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I wanted to do a follow up to my post about live-tweeting the Diablo Ballet performance last weekend.
Practically, I experienced a definite learning curve. Dan, the marketing director for Diablo Ballet, prepped us before the show and told us that we could tweet at any frequency we felt comfortable. I still felt pressure to be tweeting consistently and consequently missed a lot of the performance. Next time, I’ll let myself relax a little! I also had a hard time determining what to tweet about. I shared my daughter and her friend’s observations and my own random thoughts. I believe I was the only tweeter selected with zero background in dance. While I wasn’t able to speak to the technical aspects of what was happening, I inadvertently dropped a few PR gems that were picked up by other tweeters and press outlets. I also learned a lot from going back through the feed after the show and reading what the other participants had tweeted. @dancingfoodie, a current dance student (?), gets props for managing to reply to fellow tweeters in the midst of the performance. @dance_daze, founder of a dance organization for children, was unabashedly enthusiastic and @LamorindaWeb seemed to be reporting on the tweeting itself- how very meta! But my hands down favorite tweeter was @griercooper, a former dancer and YA author who struck a great balance between reportage and witty asides.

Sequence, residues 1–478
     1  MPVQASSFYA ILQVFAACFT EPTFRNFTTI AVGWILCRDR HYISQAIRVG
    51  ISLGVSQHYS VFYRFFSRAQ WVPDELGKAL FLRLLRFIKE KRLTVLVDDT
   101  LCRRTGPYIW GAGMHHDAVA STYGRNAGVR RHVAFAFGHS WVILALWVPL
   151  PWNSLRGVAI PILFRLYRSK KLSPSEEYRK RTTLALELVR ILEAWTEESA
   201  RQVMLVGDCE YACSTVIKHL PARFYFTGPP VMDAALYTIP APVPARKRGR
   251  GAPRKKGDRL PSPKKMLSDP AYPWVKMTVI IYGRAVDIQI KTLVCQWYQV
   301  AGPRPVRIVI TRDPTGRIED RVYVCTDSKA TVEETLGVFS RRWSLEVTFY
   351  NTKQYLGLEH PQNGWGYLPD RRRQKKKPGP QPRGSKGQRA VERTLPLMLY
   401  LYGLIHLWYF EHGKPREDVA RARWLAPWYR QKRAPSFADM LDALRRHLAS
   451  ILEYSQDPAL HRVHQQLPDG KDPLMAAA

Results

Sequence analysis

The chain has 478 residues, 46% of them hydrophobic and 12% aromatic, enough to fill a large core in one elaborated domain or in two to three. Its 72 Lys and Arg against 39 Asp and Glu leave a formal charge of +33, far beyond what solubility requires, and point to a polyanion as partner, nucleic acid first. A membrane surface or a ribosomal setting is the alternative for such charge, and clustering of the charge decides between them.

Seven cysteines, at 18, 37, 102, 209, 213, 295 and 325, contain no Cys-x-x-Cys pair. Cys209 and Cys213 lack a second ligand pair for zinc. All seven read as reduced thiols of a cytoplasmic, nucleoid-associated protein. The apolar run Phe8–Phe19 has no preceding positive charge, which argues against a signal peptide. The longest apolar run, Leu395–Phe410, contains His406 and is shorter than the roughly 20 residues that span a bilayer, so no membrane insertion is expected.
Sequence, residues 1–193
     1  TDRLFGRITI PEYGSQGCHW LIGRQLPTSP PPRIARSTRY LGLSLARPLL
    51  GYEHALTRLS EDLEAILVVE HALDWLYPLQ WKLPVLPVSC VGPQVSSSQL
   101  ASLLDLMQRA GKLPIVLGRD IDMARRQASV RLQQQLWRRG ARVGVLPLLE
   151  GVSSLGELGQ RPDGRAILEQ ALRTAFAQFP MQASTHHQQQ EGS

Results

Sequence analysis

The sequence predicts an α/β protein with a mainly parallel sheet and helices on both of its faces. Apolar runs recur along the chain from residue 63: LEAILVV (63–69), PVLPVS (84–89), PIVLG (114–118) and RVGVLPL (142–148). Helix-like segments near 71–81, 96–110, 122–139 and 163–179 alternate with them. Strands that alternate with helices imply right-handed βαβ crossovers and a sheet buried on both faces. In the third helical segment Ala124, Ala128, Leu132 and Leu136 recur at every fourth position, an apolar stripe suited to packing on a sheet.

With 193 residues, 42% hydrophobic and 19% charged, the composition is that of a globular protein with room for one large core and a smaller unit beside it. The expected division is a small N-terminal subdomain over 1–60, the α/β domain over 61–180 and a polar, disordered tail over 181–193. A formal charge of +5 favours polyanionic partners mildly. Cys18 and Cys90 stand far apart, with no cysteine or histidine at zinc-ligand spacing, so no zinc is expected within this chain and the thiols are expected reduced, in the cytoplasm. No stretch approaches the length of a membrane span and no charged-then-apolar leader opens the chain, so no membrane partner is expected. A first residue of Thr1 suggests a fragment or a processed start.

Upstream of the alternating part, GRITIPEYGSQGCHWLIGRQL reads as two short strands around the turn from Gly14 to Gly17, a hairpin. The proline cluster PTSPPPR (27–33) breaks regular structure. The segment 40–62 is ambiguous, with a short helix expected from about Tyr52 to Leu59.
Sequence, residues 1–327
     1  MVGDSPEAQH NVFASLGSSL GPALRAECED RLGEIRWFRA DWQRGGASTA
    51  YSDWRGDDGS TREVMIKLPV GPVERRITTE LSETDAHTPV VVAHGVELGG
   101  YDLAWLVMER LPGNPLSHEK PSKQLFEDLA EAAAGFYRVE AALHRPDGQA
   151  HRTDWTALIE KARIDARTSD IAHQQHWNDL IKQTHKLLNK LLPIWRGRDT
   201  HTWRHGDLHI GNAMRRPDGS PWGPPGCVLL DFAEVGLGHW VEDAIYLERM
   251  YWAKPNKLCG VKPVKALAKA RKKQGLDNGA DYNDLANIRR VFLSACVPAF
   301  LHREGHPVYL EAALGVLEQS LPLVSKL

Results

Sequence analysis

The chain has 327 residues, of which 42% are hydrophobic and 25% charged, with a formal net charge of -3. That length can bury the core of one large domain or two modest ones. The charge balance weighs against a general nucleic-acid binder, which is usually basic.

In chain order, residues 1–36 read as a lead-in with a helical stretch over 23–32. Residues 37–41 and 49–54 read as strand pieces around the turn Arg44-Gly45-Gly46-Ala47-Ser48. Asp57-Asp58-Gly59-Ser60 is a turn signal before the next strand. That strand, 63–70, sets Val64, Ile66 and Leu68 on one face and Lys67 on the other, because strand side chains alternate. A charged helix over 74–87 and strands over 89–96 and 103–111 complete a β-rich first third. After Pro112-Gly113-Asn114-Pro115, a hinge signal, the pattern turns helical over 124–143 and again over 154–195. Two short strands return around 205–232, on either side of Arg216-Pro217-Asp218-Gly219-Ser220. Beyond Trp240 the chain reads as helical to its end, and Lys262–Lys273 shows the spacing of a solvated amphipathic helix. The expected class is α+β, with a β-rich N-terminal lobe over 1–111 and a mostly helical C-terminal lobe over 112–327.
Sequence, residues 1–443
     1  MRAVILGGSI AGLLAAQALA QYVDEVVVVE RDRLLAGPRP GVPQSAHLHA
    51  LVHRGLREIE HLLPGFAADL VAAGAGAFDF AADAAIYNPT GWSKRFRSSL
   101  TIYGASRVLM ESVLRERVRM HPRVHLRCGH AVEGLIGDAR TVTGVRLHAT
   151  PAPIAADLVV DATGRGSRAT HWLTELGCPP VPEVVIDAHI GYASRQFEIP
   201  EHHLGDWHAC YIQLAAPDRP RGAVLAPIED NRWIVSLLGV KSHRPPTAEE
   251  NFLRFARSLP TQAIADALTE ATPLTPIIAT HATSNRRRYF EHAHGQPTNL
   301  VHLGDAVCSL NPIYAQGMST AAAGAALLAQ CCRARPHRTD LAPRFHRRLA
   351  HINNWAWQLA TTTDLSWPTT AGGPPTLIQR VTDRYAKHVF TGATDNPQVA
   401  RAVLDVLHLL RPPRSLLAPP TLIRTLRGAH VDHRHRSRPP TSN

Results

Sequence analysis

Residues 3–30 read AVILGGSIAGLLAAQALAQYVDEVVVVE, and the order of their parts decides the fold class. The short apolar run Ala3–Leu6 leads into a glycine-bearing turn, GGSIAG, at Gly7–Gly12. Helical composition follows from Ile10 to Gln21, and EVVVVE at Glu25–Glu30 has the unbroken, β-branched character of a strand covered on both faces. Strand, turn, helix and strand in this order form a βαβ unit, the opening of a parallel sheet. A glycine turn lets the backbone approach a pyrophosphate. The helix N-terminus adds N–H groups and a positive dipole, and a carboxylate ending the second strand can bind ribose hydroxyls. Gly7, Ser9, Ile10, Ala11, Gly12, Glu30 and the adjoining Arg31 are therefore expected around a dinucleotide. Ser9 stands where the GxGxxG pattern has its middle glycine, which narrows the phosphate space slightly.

I think the true value of this experiment and it’s potential for other live arts lies in the development and enrichment of communities both on and offline at a number of levels. Live Arts organizations rely on the passion of often isolated and insular communities to support and promote their activities. Live tweeting events offers new ways to connect with core audiences and expand into new ones. At it’s most visceral, the band of tweeters became a small community. We all enjoyed meeting each other and have started following each other on Twitter. I could foresee this group growing and learning together, perhaps niching out, becoming more cohesive and providing a more comprehensive and nuanced experience to those following the Diablo Ballet Feed. At another level, the participants shared the live ballet experience with their communities of followers - perhaps opening doors to the Diablo Ballet as an organization, or even to ballet as an entertainment option. We’ve been invited to attend their May Opening Night. I’m looking forward to seeing how it plays out and how the lessons learned might be applied to other Live Arts events and organizations.